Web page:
Katharina Swoboda: Zoological Architecture and Empty Frames


1 intro


2 living images


3 framing as praxis


4 architecture


5 frames within frames


6 nozootopia


7 references

‘Zootopia’ is the name given by architect Bjarke Ingels to his zoo complex design in Givskud, Denmark. The presentation of the project in 2014 caused a sensation. ‘Denmark’s cage-free zoo will put humans in captivity,’ wrote the Guardian at that time (Wainwright 2014). The architect’s wish is to create the best and ‘freest possible’ (Quintal 2014) environment for the animals. For this purpose, visitors enter the animals’ areas in metal enclosures. In contrast, my idea of the best possible wildlife management is that of a ‘Nozootopia’. Instead of creating new forms of captivity, no exotic animals should be kept in limited spaces for human entertainment. Costa Rica took a step in this direction when it announced the closure of all zoos in the country in 2013. Zoo operators complained on legal grounds and therefore zoos in Costa Rica do still exist (Tico Times 2015). As long as there is profit to be made in keeping animals, these institutions will continue to exist. 


I agree with the statement artist Diana Thater made with the titles of one of her works: ‘the best animals are the flat animals’ (Thater 1998). We don’t need three-dimensional animal bodies in front of our eyes. Flat, two-dimensional images of animals meet our desire to gaze at animals sufficiently. So let us replace the zoo animals in the zoos of this world with screens of all sizes: big screens for big animals, small screens for the smaller ones. On these screens, the animals could appear temporarily or, as usual, remain invisible because they are hiding. After all, hiding is the simple reaction of the living to the gawking gaze. Showing digitally animated or filmed creatures would be one way of filling architecture in zoological gardens with animal images without imprisoning living beings and exposing them to the human gaze. Other (fantastic) creatures could also be experienced in zoos, such as monsters and vampires. So many other creatures and figurations have been conceived by science and art that go beyond the prevailing oppressive cultural notions of an animal. These figurations could emerge together in a new field of possibilities.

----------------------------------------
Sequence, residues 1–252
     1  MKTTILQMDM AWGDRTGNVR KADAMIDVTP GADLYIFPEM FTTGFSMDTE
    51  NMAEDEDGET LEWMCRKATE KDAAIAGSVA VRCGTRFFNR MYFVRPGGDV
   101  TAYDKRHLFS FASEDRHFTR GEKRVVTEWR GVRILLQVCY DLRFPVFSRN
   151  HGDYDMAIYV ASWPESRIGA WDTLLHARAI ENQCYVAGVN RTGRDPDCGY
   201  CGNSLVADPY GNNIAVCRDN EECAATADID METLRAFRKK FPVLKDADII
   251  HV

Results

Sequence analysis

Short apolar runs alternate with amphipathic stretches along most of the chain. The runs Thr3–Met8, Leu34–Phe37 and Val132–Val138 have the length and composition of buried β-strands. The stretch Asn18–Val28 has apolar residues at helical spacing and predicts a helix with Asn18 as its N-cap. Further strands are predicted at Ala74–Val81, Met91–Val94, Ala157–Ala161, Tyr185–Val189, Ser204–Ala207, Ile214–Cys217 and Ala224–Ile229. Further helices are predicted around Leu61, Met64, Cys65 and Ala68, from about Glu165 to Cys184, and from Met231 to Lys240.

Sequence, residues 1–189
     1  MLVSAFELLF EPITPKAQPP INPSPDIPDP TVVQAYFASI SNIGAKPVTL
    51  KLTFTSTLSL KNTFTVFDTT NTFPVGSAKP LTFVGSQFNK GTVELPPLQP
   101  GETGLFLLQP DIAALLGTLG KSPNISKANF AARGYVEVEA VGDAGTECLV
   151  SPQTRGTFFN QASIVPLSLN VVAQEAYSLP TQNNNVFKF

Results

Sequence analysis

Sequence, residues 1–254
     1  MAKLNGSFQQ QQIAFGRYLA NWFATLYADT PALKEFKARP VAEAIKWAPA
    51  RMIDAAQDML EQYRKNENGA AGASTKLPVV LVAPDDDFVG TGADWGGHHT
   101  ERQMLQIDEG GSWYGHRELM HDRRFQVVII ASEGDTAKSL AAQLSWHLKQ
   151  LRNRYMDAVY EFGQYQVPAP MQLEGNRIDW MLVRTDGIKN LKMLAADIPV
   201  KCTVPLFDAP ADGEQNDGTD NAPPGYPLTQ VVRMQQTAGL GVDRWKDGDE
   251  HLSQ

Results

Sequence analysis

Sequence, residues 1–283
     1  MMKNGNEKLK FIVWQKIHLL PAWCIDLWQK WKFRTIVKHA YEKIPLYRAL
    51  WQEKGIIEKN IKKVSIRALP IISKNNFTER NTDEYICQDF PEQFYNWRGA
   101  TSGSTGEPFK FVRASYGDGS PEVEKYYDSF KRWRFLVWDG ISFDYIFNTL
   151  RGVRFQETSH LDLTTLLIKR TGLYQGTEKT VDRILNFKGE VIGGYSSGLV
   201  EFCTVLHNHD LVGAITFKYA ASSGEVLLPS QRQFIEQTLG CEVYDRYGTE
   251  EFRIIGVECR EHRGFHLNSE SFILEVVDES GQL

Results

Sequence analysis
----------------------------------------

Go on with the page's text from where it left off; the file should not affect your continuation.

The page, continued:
Human culture and architects frame the non-human animal. Although exciting to explore, zoo architecture fixates greatly uneven relations between humans and non-human animals. Clearly the zoo is no place for species companionship. Therefore, my videos explore zoo buildings as framing devices set up by the human animal, the dominant framer. The final work of this exposition, Chair Lift (2014), highlights the target recipients of the zoo spectacle. Visitors are seated on a moving chairlift at Prague Zoo. A section of the visitors’ zoo map provides the basis for the filmic montage. The video is an ongoing loop, and, as in the first video presented, Zur Sache Schätzchen, vocal statements accompany the visual imagery. There is no closing or ending, either in the vocals or in the images, because this research into the framing of the non-human has been an ongoing process – let’s change to embrace new perspectives. 



This section is a revised version of a chapter from my thesis (Swoboda 2021, pp. 104–5)

click on image to play video

Katharina Swoboda, Chair Lift

video (excerpt), hd, bw, sound, loop (here: 1min), 2014. Voice: Verena Dürr, sound: Sara Pinheiro


The video footage was shot in Prague Zoo where a chair lift is installed. 

employ alternatives now